The Contoocook River is 71 miles long, and I canoed nine of those miles with my daughter, Carolyn Blasko, and her son, Jay, on May 26. We were shuttled up to the Contoocook Village with our rental canoe by the Contoocook River Canoe Co. of Concord, with Will Hastings as our van driver. Prior to leaving on the shuttle, Patrick Malfait, owner of the Contoocook River Canoe Co., demonstrated how to correctly wear a life jacket, gave out maps of the river and answered questions from those making the trip.
Beginning at Pool Pond and the Contoocook Lake in Rindge, near the Massachusetts border, the Contoocook River empties into the Merrimack River at Penacook. It is one of the few rivers in New Hampshire that flows in a northward direction. The stretch we canoed was rather calm compared to sections up-river that have some exciting, nationally-known white-water runs. The total drop from start to finish is about 100 feet.
The river was an important travel corridor in pre-colonial days, and was part of the Kon-wa-teg-ok Trail that connected the Native American villages along the shores. Contoocook is a Native American word meaning "Place of Many Crows."
The early European settlers took advantage of the river's water power by building dams and mills, evidence of which can be seen in several archaeological sites. There are presently 25 dams on the river with 15 being used to produce hydro-electric power. There are no dams on the section we canoed.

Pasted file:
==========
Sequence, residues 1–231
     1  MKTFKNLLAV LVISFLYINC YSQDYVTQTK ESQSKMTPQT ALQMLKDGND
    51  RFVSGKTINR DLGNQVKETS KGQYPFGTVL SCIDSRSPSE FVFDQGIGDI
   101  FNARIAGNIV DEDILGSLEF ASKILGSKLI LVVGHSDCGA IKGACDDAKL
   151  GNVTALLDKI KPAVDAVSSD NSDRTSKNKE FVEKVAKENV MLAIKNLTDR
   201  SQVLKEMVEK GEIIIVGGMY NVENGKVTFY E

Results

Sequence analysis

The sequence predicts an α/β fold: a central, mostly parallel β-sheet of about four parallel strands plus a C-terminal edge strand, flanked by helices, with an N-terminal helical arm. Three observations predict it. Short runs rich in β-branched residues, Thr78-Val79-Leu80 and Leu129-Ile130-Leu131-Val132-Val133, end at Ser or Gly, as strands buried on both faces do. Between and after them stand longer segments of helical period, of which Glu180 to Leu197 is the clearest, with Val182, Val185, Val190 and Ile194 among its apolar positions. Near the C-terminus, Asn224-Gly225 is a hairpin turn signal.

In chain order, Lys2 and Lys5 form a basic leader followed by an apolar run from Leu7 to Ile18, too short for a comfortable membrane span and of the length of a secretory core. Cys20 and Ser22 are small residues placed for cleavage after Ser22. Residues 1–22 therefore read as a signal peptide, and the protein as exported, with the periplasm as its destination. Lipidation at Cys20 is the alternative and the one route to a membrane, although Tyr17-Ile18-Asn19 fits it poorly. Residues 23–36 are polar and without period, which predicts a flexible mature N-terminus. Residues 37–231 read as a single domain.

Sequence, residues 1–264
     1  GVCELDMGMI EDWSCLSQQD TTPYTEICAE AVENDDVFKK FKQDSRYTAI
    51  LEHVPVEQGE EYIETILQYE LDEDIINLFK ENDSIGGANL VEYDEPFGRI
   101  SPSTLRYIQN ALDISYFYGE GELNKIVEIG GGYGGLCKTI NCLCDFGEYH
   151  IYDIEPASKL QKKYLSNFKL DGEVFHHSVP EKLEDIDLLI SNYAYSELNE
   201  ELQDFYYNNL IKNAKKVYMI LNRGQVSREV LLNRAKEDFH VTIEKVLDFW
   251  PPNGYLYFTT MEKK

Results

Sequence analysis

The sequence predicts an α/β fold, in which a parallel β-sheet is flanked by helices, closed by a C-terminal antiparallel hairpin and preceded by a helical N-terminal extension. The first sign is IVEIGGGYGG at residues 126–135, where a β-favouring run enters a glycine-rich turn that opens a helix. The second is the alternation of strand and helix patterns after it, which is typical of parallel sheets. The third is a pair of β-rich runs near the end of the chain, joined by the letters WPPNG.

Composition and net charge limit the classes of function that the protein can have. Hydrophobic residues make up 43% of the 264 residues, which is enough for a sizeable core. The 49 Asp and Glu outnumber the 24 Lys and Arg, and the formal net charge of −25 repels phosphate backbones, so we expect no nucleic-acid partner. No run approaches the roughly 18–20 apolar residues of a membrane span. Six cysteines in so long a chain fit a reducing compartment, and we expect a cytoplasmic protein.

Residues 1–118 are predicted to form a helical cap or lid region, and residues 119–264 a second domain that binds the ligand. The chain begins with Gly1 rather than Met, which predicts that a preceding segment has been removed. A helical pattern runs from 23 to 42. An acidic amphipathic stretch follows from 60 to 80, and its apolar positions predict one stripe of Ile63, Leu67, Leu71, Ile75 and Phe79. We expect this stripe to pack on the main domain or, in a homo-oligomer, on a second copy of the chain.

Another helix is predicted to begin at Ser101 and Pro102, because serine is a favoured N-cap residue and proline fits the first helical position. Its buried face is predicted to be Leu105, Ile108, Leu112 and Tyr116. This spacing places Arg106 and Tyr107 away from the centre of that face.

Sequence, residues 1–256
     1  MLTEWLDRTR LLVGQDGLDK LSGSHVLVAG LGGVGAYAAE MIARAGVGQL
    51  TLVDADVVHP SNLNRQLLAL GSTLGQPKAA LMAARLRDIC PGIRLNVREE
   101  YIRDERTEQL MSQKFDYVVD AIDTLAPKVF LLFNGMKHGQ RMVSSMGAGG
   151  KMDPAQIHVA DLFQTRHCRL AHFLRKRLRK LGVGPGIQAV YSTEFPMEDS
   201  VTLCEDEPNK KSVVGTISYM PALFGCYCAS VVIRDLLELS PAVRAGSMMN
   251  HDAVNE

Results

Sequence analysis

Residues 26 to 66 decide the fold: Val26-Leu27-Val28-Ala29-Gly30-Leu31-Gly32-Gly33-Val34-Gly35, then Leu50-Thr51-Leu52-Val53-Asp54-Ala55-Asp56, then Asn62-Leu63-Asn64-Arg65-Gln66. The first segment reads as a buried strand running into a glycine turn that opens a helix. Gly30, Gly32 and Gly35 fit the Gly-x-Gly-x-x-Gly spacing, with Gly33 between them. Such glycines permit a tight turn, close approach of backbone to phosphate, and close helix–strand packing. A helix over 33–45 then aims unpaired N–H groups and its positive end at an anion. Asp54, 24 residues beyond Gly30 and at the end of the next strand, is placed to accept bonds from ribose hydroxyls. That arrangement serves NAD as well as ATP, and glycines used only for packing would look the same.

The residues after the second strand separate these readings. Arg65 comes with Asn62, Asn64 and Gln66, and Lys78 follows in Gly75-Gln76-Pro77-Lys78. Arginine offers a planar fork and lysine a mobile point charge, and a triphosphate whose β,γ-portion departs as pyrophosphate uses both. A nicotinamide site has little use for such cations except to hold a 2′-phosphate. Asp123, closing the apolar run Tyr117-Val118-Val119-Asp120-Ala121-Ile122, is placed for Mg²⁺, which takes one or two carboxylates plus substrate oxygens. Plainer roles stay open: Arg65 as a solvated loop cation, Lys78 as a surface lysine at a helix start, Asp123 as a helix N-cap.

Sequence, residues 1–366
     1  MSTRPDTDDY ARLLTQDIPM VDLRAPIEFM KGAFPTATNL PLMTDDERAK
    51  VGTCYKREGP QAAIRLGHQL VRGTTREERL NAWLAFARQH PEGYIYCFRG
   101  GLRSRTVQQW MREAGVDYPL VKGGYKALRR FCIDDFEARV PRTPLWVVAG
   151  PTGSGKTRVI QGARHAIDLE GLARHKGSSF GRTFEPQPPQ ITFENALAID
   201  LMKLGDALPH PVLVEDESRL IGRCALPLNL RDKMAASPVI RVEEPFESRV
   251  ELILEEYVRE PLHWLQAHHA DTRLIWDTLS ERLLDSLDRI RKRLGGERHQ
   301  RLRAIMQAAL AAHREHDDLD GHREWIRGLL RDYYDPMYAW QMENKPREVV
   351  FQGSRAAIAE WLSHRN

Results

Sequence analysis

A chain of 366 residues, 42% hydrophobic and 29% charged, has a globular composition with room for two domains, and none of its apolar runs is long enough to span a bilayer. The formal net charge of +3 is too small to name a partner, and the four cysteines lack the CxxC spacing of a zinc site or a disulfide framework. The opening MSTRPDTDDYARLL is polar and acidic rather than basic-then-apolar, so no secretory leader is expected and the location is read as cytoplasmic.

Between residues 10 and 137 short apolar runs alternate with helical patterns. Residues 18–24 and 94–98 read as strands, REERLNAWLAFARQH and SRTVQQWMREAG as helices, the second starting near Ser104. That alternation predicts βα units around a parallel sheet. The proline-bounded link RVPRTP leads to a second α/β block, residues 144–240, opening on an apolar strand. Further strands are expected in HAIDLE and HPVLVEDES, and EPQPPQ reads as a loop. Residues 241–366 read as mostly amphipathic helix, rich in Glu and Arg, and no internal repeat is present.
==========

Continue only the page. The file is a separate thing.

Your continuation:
We had no sooner launched our canoe on the river than we were greeted by several spotted sandpipers. One would dart into the air ahead of us, rapidly beating its pointed wings, and land on the shore a brief way down-river. Then when we approached it again, it would burst into flight back up-river. The male spotted sandpipers have the unusual trait of incubating the eggs on the nest.
Once while canoeing close to shore, we saw many human-hand-like raccoon tracks firmly embedded in the mud. A mother raccoon was no doubt teaching her young to forage for food. These masked bandits of the animal kingdom are opportunists in their eating habits.
At times it seemed as if the wind changed direction, but it was actually the river that changed directions in its meandering course northward.
A poem written by Eleanor Vinton in 1974 includes the following lines:
"From Riverhill to Blackwater is longer by canoe; The river dallies all the way, the road goes briskly through.
But Riverhill to Blackwater, canoe's the way to go,
To hear a tree of finches or watch a flapping crow."
Vinton also described the Contoocook River as "A little rebel river flowing north, good company for prophet or poet, or for all who strike against the easy trend, this upstart of a river flowing north."
It took us four hours to canoe nine miles of this "little rebel river flowing north" with a half hour lunch break at Daisy Beach, where we saw teens swinging from a rope out into the river. When we returned to the Contoocook River Canoe Co., Malfait was there to congratulate us on a safe trip.